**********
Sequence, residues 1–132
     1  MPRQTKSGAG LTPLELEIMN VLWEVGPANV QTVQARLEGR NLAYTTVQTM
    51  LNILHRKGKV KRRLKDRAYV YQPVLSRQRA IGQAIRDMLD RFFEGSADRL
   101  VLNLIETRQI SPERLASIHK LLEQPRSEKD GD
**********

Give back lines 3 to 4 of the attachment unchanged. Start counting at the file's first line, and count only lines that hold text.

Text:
    51  LNILHRKGKV KRRLKDRAYV YQPVLSRQRA IGQAIRDMLD RFFEGSADRL
   101  VLNLIETRQI SPERLASIHK LLEQPRSEKD GD